The arbitrator’s full clarification document is available online. The key details of this ruling, as well as the answers to some commonly-asked questions, can be found below. Additional questions can be sent directly to OPSEU Supervisor Steve Nield by email at snield@opseu.org.

Details of the arbitrator’s latest ruling

On Sunday work

  • The arbitrator has confirmed that the Sunday premium is eliminated for all retail staff.
  • In this ruling, he has also removed the Letter of Agreement on Sunday Openings and made Sunday a regular day of work. This means that Sunday work is no longer voluntary and the employer can schedule you to work on Sunday the same as any other day of the week.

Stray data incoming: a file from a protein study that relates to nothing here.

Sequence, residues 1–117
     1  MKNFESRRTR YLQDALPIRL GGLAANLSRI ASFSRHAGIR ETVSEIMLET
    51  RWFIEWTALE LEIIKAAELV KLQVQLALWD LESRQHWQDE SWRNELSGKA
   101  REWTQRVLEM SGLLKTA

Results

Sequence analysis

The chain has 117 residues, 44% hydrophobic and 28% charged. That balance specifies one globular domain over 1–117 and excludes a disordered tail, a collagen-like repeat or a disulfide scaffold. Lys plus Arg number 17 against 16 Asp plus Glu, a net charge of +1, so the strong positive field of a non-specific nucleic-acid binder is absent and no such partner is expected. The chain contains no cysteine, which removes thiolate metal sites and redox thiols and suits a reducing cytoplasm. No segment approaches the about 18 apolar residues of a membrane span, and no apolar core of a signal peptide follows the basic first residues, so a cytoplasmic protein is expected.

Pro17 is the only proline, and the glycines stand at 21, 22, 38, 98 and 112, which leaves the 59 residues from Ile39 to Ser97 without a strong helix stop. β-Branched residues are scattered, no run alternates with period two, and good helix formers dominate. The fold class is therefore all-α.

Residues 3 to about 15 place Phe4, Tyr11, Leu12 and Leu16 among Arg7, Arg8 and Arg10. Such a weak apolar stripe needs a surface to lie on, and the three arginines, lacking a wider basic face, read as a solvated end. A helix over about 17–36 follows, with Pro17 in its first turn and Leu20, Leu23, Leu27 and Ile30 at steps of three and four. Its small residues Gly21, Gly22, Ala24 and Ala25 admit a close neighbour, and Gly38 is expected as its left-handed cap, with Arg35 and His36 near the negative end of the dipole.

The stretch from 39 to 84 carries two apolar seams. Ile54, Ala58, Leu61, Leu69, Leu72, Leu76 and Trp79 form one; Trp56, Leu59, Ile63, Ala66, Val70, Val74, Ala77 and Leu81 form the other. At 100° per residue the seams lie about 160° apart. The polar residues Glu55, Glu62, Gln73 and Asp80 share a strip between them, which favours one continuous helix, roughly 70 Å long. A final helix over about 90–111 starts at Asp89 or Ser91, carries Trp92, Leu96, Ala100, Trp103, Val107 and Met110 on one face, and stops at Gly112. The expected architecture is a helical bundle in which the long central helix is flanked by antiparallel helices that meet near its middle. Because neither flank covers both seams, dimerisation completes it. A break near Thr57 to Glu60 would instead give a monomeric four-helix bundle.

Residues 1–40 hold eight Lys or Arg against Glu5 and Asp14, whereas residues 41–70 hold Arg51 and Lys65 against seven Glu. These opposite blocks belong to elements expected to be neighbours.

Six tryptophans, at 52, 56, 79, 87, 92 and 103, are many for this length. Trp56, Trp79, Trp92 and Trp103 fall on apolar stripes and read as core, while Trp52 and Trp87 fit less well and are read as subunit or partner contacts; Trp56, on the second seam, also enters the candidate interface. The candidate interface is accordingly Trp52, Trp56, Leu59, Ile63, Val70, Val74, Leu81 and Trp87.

• The arbitrator has also changed the start day of the regular work week, which is now Sunday to Saturday.
  • For permanent full-time retail staff, the Sunday scheduling is still subject to the limits set out in the last ruling. This limits you to being scheduled to work one Sunday out of every four, which cannot be a Sunday after a scheduled Saturday off. The employer must also provide you with two consecutive days off in the week following the Sunday that you work.

On agency stores

  • The arbitrator has clarified his ruling to state that he is not placing a limit on the total number of agency stores that can be opened by the employer.
  • The “one-for-one” limit only applies to agency store openings that would violate the existing Letter of Agreement re: Agency Stores. The LCBO may open one new agency store in this manner for each agency store that is repatriated (replaced with an LCBO retail store staffed by OPSEU members).